IN 2001 the world was shocked by Goldman Sachs’s prediction that China would become the world’s number one economy in 2040. Eight years on, the only thing shocking about that prediction is that China is set to fulfil it 20 years early.
In as much as Jersey is a part of the global economy, any forecast of our fortunes cannot ignore the impact of China. The economies of the world are so intricately linked that Niall Ferguson, presenter of the Channel 4 series The Ascent of Money, calls China ‘America’s banker’ – because China lends the United States such a significant proportion of the $4 billion they borrow every day. How has this happened?
The key name you need to know is Deng Xiaoping. Jersey may have been transformed in recent decades by major shifts in the population and industry, but Time Magazine’s Man of the Year for 1985 instigated reforms which turned the world’s most populous country from being predominantly rural, agrarian and illiterate into the world’s second-largest economy and a nation that is 50 per cent urban, 80 per cent industrialised and 90 per cent literate in just 30 years.
When Mao declared the founding of the People’s Republic of China from atop the Gate of Heavenly Peace in 1949, 90 per cent of China’s population was living in extreme poverty. After Deng’s economic reforms, that figure has dropped to 10 per cent. (By contrast, the figure for the whole world has not changed at all.)
It is no wonder that the Chinese State Circus divided their awe-inspiring spectacle at Fort Regent last week into a show of halves: the first drawing on traditions of the past, the second celebrating the dynamism of the modern nation.
The socialist ideals of the People’s Republic of China included housing, education and healthcare for all. In Jersey we enjoy extraordinarily high standards of public services – but what services would we be left with if the 66 per cent contribution to the States’ coffers that the finance industry makes were to disappear?
Thus, in the late 1970s Deng Xiaoping launched a process of ‘reform and opening up’ to generate the economic growth necessary to be able to realise China’s socialist ideals. He called it ‘socialism with Chinese characteristics.’
The reform was essentially a gradual shift to a free-market economy (what we think of as capitalism). Deng’s view was that the State could not provide for its citizens without funds, and the nation could prosper only if individuals were allowed to prosper – hence his famous quote: ‘To get rich is glorious. Let some people get rich first.’
Do we likewise need to review the way we regard the ‘wealthy’ in Jersey? The ‘opening up’ was a reversal of China’s previous closed-door policy of self-reliance with the recognition that in order to thrive, the nation would have to work with the rest of the world and not in isolation from it. China needed to acknowledge that it did not have all the resources it needed within its borders and that it therefore needed to create partnerships with nations it had previously regarded as enemies.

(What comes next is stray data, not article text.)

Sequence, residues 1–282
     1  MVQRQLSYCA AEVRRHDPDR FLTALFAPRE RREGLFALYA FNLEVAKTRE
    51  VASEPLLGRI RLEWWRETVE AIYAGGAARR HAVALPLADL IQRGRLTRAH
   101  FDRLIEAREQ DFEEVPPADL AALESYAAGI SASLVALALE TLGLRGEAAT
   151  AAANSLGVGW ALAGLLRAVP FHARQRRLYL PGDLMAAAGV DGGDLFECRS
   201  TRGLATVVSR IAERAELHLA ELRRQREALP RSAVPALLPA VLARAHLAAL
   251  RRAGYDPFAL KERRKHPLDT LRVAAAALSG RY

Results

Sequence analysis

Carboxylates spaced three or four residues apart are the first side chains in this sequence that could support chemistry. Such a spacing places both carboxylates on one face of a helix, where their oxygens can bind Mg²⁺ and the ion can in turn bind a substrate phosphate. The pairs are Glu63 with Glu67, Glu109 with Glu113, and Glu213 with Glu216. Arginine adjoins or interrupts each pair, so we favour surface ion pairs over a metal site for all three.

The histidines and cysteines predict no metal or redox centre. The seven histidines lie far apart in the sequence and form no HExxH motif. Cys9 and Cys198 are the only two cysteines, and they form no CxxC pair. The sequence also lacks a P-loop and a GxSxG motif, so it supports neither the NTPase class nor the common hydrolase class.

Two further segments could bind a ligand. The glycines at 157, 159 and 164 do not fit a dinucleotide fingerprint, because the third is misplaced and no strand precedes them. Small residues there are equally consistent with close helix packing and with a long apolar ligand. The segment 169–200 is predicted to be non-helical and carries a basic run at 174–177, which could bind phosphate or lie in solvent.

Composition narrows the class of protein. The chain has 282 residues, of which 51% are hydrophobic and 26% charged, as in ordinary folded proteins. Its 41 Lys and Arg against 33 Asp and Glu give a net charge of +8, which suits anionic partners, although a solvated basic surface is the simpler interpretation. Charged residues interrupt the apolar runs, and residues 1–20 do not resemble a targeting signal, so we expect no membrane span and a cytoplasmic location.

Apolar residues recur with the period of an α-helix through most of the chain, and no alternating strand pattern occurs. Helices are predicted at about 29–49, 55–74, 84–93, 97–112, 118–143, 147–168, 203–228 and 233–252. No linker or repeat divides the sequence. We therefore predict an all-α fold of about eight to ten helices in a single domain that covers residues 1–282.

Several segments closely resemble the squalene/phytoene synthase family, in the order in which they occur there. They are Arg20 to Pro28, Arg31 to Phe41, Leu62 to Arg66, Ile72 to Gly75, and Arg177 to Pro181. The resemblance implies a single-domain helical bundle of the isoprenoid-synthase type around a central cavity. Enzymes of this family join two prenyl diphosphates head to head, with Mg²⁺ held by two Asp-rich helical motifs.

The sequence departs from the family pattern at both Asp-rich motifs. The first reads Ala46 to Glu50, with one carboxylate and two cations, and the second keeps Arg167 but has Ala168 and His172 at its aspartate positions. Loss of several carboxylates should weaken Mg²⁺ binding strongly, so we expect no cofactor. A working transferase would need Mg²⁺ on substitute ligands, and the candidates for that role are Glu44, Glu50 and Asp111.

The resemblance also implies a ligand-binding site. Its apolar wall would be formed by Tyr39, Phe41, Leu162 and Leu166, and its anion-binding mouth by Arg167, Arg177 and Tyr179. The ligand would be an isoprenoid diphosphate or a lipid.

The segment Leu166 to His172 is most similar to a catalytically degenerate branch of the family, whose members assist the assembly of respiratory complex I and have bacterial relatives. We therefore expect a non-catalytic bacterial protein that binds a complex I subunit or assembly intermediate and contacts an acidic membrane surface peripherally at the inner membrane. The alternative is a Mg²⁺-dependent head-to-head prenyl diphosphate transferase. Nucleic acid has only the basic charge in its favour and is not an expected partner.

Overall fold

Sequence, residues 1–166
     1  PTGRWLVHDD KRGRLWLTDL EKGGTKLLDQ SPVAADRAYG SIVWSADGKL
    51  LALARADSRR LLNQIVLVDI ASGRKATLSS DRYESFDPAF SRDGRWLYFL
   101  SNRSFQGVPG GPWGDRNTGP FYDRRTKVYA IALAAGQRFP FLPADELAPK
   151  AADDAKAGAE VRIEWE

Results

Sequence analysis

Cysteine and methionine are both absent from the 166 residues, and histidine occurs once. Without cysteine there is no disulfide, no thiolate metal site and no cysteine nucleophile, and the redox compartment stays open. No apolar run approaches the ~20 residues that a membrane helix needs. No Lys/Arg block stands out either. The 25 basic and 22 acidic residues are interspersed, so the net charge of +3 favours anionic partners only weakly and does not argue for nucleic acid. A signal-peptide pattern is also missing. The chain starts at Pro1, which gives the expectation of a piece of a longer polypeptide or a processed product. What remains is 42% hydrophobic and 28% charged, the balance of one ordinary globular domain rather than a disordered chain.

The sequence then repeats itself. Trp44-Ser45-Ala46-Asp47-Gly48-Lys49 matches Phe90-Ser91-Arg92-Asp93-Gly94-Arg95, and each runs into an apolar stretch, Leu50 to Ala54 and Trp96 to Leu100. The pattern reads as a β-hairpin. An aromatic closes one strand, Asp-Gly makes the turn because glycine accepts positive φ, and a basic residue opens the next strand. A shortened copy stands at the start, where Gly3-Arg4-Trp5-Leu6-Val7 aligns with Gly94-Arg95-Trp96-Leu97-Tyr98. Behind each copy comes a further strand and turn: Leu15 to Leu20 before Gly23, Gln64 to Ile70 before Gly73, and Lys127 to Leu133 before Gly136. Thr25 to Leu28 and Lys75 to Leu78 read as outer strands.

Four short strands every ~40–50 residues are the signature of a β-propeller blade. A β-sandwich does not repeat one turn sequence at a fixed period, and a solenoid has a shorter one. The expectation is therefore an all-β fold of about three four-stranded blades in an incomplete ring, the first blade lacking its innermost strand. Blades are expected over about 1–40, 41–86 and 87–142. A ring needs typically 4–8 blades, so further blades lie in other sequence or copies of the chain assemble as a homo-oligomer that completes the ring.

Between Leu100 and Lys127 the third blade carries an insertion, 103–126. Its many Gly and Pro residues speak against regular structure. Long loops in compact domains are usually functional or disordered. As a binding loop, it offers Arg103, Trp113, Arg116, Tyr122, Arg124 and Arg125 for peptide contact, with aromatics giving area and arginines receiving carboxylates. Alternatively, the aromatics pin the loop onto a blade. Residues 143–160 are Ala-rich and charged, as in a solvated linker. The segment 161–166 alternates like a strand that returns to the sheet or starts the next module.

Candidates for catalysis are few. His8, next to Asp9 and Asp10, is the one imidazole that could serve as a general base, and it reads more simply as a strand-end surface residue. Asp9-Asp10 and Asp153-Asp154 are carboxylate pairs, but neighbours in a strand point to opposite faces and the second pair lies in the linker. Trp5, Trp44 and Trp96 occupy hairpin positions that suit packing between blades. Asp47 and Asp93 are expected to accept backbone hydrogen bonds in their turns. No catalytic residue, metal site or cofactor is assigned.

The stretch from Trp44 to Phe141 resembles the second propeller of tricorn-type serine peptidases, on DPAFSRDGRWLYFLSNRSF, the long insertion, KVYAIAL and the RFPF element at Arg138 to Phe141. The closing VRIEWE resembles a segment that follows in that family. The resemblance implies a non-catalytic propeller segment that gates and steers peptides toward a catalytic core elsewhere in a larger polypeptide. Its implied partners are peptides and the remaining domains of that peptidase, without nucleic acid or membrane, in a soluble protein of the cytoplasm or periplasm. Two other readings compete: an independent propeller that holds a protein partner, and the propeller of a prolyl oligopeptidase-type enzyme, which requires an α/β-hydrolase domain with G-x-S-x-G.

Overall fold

Deng urged the Chinese to swallow their pride, asserting: ‘It doesn’t matter if the cat is black or white, so long as it catches mice.’ Per-capita income in China has been increasing at an average of more than 8 per cent per annum over the past three decades as a result.
Do we in Jersey need to reappraise the way we look at the rest of the world? If you had heard of Deng Xiaoping before, it is almost certainly not as the instigator of reform but rather as the conservative commander-in-chief during the military crushing of student demonstrations in Tiananmen Square on 4 June 1989. This is a topic exhaustively discussed in books and on the
internet to which I have nothing to add. My purpose is not to provide a definitive appraisal of Deng Xiaoping but to encourage meaningful dialogue by helping people in Jersey to understand why a man so reviled in the West is so venerated in China.
My feeling from living with ordinary Chinese is that the average person is appalled by the loss of life in and around Tiananmen Square in 1989, which made it untenable for Deng to continue as President. On the other hand, most other states with Communist governments collapsed that very same year.
The journey the Chinese people are on has been so long and bitter that the vast majority today seem relieved to have been spared the social chaos of political collapse at the very time when their lives were finally getting tangibly better year on year.
• To put any questions, or to share your views and experiences of China with other people in Jersey, sign up at http://www.jerseychina.com. To contact Tim Nash, e-mail firstname.lastname@example.org or call 077007 CHINA (24462).